To create the archway in the escallonia hedge, Meg let side pieces grow up then tied them together over the gap with baling twine. “After that it was a combination of weaving in new growth and trimming it to shape.” Meg finds escallonia more compliant than buxus as it doesn’t bruise.
Autumn brings some respite before winter’s southerlies kick in and temperatures can drop as low as -15°C. “We also get easterlies that bring a hint of the sea over the mountain range that borders the farm,” says Meg.
And then there are the exotic invaders. “We have trouble with hares, gorse and old man’s beard, but blackberry is probably my biggest nightmare,” says Meg, who regularly sends Tom into the macrocarpa hedge with an axe to attack the barbed menace. To cap it off, the clay soils have to be constantly conditioned. “Every year for the past 27 years I’ve bought $2000 worth of peastraw and spread it over the garden.”
That’s more productive than a gym membership and dragging irrigators around supplements the workout. “We’re lucky to be able to hook into the farm irrigation system,” says Meg, a rural business manager who works from home and finds moving hoses a good excuse to escape from the office. “Our sprinklers have a throw of about 50 metres and I have one going somewhere every day from late spring through to autumn. We used to have underground piped irrigation but I was always digging it up.”
Meg can still recall the day when the first seed was sown for her love of gardening. “My parents weren’t gardeners, but I can remember my father digging up a piece of concrete to plant a tree and being fascinated that there was dirt under there and a plant could grow in it.” >
Hours per week in the garden: A day a week in July and August but two to four from September through to April. (Meg)
As few as possible. (Tom)
Most significant plant: My ‘Sanders White’ rose cascades like a waterfall and has quite taken over in the past 25 years. (Meg)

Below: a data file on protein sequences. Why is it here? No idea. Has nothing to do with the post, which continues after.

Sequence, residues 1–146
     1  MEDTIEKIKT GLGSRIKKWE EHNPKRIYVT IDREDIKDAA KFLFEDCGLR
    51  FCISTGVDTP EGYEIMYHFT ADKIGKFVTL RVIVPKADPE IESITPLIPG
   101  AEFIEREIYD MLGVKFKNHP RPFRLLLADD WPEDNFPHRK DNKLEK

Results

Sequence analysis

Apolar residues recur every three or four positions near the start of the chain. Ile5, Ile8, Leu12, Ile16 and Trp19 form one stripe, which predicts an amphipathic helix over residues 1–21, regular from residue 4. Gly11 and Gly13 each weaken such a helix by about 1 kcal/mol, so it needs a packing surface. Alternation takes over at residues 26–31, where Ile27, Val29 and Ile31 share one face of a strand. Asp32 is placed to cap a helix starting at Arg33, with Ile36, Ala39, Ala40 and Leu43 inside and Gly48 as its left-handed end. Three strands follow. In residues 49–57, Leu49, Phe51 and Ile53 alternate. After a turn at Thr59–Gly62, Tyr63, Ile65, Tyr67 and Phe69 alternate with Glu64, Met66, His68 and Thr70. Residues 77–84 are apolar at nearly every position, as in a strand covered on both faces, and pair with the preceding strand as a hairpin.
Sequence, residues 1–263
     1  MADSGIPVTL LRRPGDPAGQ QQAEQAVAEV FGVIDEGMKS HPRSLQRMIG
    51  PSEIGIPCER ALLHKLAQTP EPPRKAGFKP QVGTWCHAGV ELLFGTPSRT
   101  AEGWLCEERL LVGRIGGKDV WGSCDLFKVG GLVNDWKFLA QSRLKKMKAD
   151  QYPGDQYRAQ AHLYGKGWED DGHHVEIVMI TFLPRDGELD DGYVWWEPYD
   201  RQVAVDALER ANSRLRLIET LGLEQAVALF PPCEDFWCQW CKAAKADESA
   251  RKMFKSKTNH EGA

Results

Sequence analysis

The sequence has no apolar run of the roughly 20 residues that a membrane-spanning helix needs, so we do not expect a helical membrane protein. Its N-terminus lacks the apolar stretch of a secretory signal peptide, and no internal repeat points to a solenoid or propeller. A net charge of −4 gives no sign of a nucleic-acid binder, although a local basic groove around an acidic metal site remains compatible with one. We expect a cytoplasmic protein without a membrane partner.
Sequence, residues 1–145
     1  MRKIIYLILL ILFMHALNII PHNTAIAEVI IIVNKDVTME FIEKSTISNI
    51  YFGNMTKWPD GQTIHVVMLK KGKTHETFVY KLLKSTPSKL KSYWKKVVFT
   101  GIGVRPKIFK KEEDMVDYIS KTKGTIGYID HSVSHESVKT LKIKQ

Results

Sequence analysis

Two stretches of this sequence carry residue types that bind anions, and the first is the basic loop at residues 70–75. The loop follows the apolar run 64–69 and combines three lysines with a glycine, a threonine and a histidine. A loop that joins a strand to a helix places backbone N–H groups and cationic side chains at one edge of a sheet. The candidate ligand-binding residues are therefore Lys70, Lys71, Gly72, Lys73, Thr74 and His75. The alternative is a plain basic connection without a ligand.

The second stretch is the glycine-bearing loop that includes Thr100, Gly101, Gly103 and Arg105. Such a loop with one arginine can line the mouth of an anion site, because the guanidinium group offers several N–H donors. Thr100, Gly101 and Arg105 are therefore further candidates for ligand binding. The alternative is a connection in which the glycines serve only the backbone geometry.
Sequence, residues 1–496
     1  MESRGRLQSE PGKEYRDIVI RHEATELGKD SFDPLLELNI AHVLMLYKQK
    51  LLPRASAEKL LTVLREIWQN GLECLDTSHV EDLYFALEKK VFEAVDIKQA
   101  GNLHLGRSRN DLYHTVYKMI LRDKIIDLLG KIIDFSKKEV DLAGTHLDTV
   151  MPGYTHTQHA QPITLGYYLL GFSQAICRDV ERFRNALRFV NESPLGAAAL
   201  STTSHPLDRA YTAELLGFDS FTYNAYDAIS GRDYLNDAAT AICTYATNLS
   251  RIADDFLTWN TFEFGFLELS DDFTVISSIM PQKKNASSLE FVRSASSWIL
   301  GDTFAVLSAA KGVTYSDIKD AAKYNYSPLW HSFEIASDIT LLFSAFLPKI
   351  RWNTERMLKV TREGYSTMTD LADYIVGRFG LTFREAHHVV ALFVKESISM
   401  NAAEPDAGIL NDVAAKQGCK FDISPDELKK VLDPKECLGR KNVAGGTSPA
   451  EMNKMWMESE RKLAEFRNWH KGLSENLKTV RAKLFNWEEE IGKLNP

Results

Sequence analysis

Biggest gardening mistake: Putting in so many hedges. (Tom)
Do you open your garden to the public? This year we are one of 21 gardens open for the Hurunui Garden Festival on the first weekend of November. We also open for private tours by appointment. (Meg) Meg and Tom Macfarlane
Her subsequent enlightenment has largely been through trial and error. “Originally we were too poor to buy plants so I begged bits from friends and put in huge perennial borders.” Their death knell was sounded when she was heavily pregnant and had to rope in Tom to help with the deadheading. “Whatever people say about roses, I think they are a lot less work than perennials,” says Meg, who has arranged mass plantings of her beloved roses in a loose colour wheel of autumnal hues. Beyond them, a pair of contrasting gardens feature cool and hot colours, with lime-green undertones linking the beds.
“I’m more a visual person than a plantswoman,” says Meg, who takes inspiration from Australian landscape designer Paul Bangay, especially in her use of hedging and topiaries. “Nothing is measured or dead level though Tom is a lot neater than me. I often leave them when they’re covered in fresh growth because they look so lush and green.”
The garden is designed as a series of convivial living rooms and the Macfarlanes host several events a year from fashion parades to end-of-year parties. “In summer, we always have tea or lunch in the garden,” says Meg. “The boys still know the drill. When they come home, they make tea and carry it out under the trees.”
Like the garden’s forebears, Meg has planted with future generations in mind and resisted the temptation to extend further into the paddocks. “I haven’t made the garden bigger than a hectare because I don’t want to put a noose around my children’s necks.”
THIS PAGE (from top) Meg and Tom Macfarlane and black labrador Texas.Rhododendron ‘Whitney’s Double Orange’ adds coral flashes to a textured garden with Poa cita grasses among mounded hebes including ‘Odora’, ‘Cockayniana’ and ‘Emerald Gem’, topiarised balls of Nandina domestica ‘Firepower’, large red phormium and smaller striped dwarf New Zealand flaxes; the sculpture is an early work by Collinswood Designs: “Tom and I are now the short ones in the middle,” says Meg.OPPOSITE Cherry-red pots flank the archway in the escallonia hedge: “I’ve planted them with an assortment of trailing geraniums in the past but this year they’re going to be potted up with ‘Little Rascal’ miniature apples,” says Meg.
THIS PAGE Retired polo ponies Flo and Lotus relax among young pin oaks in the new park area; pillbox topiarised pittosporum lines the path and an old variegated elm is underplanted with a low griselinia hedge.OPPOSITE (from top) Flaxes and cabbage trees add structure to the native garden around the car park area, with a backdrop of exotic pin oaks and rowan trees. A carved wooden sculpture from Collinswood Designs sits between a cabbage tree and golden totara.